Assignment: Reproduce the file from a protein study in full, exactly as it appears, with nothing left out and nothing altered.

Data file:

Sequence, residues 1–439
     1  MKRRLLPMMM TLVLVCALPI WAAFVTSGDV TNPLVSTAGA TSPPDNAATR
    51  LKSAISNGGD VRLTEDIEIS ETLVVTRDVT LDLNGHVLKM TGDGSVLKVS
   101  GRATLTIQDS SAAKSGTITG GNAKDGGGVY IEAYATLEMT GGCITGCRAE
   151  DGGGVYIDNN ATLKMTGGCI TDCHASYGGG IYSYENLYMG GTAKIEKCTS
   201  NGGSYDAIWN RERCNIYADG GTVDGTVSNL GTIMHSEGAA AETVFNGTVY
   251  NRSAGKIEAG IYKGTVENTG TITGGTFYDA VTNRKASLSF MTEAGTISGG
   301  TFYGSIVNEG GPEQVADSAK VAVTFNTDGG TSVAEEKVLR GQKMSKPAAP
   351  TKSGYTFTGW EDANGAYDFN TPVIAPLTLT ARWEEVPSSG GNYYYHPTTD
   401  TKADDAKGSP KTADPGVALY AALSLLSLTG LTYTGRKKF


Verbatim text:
Sequence, residues 1–439
     1  MKRRLLPMMM TLVLVCALPI WAAFVTSGDV TNPLVSTAGA TSPPDNAATR
    51  LKSAISNGGD VRLTEDIEIS ETLVVTRDVT LDLNGHVLKM TGDGSVLKVS
   101  GRATLTIQDS SAAKSGTITG GNAKDGGGVY IEAYATLEMT GGCITGCRAE
   151  DGGGVYIDNN ATLKMTGGCI TDCHASYGGG IYSYENLYMG GTAKIEKCTS
   201  NGGSYDAIWN RERCNIYADG GTVDGTVSNL GTIMHSEGAA AETVFNGTVY
   251  NRSAGKIEAG IYKGTVENTG TITGGTFYDA VTNRKASLSF MTEAGTISGG
   301  TFYGSIVNEG GPEQVADSAK VAVTFNTDGG TSVAEEKVLR GQKMSKPAAP
   351  TKSGYTFTGW EDANGAYDFN TPVIAPLTLT ARWEEVPSSG GNYYYHPTTD
   401  TKADDAKGSP KTADPGVALY AALSLLSLTG LTYTGRKKF